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Science. 2015 Jan 2;347(6217):1258524. doi: 10.1126/science.1258524. Epub 2014 Nov 27.

Mosquito genomics. Extensive introgression in a malaria vector species complex revealed by phylogenomics.

Author information

1
Department of Biological Sciences, University of Notre Dame, Notre Dame, IN 46556, USA. Eck Institute for Global Health, University of Notre Dame, Notre Dame, IN 46556, USA.
2
Department of Biology, Indiana University, Bloomington, IN 47405, USA.
3
Department of Computer Science and Engineering, University of Notre Dame, Notre Dame, IN 46556, USA.
4
Computer Science and Artificial Intelligence Laboratory, Massachusetts Institute of Technology, 32 Vassar Street, Cambridge, MA 02139, USA. The Broad Institute of MIT and Harvard, 415 Main Street, Cambridge, MA 02142, USA. Department of Genetic Medicine and Development, University of Geneva Medical School, rue Michel-Servet 1, 1211 Geneva, Switzerland. Swiss Institute of Bioinformatics, rue Michel-Servet 1, 1211 Geneva, Switzerland.
5
The Broad Institute of MIT and Harvard, 415 Main Street, Cambridge, MA 02142, USA.
6
Department of Entomology, Virginia Polytechnic Institute and State University, Blacksburg, VA 24061, USA. The Interdisciplinary PhD Program in Genetics, Bioinformatics, and Computational Biology, Virginia Polytechnic Institute and State University, Blacksburg, VA 24061, USA.
7
The Interdisciplinary PhD Program in Genetics, Bioinformatics, and Computational Biology, Virginia Polytechnic Institute and State University, Blacksburg, VA 24061, USA.
8
Department of Immunology and Infectious Diseases, Harvard School of Public Health, Boston, MA 02115, USA. Dipartimento di Medicina Sperimentale e Scienze Biochimiche, Università degli Studi di Perugia, Perugia, Italy.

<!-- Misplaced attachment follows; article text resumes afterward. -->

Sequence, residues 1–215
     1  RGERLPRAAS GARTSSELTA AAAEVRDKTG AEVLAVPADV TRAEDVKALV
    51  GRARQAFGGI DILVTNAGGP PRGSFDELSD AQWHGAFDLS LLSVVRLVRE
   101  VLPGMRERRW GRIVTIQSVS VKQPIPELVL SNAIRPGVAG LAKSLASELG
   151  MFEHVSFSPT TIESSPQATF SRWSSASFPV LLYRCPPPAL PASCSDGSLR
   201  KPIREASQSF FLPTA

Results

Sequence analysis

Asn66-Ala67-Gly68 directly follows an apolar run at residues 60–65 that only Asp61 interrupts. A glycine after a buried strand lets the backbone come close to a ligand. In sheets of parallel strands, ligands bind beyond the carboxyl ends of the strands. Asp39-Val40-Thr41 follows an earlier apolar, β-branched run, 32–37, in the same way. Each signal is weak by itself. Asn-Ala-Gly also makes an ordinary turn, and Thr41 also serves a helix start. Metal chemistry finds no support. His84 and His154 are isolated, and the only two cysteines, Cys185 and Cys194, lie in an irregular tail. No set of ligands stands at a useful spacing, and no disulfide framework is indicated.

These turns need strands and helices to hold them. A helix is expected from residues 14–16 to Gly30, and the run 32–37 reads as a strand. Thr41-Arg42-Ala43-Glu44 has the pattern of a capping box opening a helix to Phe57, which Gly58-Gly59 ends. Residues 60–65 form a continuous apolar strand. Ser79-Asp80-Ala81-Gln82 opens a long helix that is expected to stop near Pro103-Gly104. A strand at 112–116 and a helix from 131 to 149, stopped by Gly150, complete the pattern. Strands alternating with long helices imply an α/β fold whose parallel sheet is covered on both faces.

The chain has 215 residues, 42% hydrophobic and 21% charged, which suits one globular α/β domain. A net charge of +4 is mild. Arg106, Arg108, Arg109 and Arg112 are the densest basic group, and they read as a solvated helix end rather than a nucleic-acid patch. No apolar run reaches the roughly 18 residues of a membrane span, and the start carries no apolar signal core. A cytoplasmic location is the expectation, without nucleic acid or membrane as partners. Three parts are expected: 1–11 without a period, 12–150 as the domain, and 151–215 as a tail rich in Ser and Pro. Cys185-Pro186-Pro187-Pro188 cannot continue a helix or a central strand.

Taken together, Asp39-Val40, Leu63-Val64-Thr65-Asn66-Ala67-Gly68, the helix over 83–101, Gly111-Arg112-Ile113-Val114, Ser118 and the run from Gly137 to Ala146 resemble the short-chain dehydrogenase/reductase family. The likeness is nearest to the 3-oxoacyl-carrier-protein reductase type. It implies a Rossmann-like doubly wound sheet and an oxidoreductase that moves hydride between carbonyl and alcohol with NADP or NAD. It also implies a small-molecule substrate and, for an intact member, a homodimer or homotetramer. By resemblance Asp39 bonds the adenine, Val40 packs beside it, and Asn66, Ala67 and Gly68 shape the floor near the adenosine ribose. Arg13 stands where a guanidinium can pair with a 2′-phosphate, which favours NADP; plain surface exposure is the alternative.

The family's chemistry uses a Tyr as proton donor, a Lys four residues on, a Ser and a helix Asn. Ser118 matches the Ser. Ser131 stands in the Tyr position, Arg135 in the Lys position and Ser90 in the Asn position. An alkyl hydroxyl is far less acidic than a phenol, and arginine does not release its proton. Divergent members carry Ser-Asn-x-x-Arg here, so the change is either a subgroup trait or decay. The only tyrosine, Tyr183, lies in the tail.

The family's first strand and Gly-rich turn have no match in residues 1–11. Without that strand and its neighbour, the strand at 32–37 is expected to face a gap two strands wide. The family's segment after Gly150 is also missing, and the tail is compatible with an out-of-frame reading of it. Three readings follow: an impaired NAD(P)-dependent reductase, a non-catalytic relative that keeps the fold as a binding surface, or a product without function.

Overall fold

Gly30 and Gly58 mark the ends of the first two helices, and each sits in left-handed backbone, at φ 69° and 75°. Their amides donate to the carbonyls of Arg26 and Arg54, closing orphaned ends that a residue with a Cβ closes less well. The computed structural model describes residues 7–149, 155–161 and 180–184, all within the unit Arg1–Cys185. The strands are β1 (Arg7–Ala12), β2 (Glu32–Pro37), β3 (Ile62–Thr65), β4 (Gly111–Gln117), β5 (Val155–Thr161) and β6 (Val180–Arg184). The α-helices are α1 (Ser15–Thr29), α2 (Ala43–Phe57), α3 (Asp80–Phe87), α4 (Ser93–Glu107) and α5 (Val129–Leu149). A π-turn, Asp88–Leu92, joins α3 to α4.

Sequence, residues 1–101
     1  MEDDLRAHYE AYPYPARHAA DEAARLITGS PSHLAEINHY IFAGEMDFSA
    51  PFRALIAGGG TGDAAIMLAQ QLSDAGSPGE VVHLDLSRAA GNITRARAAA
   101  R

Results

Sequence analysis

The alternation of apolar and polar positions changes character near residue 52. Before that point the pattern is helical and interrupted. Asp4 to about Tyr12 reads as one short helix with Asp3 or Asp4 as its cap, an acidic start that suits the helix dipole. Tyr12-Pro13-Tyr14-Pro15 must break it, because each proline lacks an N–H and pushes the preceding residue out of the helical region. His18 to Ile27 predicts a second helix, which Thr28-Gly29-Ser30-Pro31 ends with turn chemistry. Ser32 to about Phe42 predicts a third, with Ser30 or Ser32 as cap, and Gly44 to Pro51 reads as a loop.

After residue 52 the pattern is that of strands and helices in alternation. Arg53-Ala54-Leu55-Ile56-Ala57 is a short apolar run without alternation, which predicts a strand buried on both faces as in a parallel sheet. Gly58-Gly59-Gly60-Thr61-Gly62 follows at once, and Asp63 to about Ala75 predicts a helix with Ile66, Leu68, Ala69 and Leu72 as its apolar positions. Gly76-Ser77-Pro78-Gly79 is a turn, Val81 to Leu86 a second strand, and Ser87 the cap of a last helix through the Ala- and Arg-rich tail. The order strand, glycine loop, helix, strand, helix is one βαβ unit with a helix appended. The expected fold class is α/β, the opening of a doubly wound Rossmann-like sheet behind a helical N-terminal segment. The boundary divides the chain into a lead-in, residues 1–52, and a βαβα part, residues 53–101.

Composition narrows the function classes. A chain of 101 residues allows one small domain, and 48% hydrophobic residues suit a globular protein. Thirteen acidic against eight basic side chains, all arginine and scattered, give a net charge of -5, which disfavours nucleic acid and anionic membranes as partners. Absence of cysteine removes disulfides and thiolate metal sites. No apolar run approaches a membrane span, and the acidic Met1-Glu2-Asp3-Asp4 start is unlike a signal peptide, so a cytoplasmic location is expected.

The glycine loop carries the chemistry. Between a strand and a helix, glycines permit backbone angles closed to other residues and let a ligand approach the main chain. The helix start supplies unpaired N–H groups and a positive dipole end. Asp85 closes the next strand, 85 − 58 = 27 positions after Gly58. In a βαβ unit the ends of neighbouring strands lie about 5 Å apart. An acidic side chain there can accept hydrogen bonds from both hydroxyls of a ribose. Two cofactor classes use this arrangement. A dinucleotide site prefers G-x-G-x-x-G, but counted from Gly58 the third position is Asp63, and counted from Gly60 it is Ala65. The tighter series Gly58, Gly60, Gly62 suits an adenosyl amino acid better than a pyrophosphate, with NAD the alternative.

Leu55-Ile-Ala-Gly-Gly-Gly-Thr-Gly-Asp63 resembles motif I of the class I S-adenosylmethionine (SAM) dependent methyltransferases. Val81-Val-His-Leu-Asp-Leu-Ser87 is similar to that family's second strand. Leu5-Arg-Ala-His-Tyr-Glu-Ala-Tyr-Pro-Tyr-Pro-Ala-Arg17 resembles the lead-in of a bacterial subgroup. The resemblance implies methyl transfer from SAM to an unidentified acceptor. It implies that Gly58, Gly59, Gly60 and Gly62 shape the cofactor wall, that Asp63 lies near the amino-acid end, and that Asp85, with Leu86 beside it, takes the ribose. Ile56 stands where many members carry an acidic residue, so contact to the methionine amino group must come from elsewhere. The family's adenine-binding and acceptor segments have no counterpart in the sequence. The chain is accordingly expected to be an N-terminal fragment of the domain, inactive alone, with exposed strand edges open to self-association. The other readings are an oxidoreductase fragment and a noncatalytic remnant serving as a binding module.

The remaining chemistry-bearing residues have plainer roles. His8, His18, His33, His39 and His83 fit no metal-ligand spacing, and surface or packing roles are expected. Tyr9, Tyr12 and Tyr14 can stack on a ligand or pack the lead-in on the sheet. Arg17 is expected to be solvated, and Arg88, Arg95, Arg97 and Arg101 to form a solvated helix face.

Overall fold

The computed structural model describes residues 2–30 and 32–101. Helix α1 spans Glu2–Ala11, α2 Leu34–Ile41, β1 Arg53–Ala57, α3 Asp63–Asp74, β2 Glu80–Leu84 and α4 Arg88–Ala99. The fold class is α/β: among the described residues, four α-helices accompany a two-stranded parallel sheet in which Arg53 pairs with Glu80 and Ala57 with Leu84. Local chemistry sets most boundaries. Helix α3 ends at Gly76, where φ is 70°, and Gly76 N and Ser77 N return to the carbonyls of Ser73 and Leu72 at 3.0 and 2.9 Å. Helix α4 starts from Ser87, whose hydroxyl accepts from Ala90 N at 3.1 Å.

9
Department of Immunology and Infectious Diseases, Harvard School of Public Health, Boston, MA 02115, USA.
10
Computer Science and Artificial Intelligence Laboratory, Massachusetts Institute of Technology, 32 Vassar Street, Cambridge, MA 02139, USA.
11
Department of Life Sciences, Imperial College London, South Kensington Campus, London SW7 2AZ, UK.
12
Department of Entomology, Texas A&M University, College Station, TX 77843, USA.
13
Eck Institute for Global Health, University of Notre Dame, Notre Dame, IN 46556, USA. Department of Computer Science and Engineering, University of Notre Dame, Notre Dame, IN 46556, USA.
14
Department of Biology, Indiana University, Bloomington, IN 47405, USA. School of Informatics and Computing, Indiana University, Bloomington, IN 47405, USA. mwh@indiana.edu nbesansk@nd.edu.
15
Department of Biological Sciences, University of Notre Dame, Notre Dame, IN 46556, USA. Eck Institute for Global Health, University of Notre Dame, Notre Dame, IN 46556, USA. mwh@indiana.edu nbesansk@nd.edu.

Abstract

Introgressive hybridization is now recognized as a widespread phenomenon, but its role in evolution remains contested. Here, we use newly available reference genome assemblies to investigate phylogenetic relationships and introgression in a medically important group of Afrotropical mosquito sibling species. We have identified the correct species branching order to resolve a contentious phylogeny and show that lineages leading to the principal vectors of human malaria were among the first to split. Pervasive autosomal introgression between these malaria vectors means that only a small fraction of the genome, mainly on the X chromosome, has not crossed species boundaries. Our results suggest that traits enhancing vectorial capacity may be gained through interspecific gene flow, including between nonsister species.

PMID:
25431491
PMCID:
PMC4380269
DOI:
10.1126/science.1258524
[Indexed for MEDLINE]
Free PMC Article

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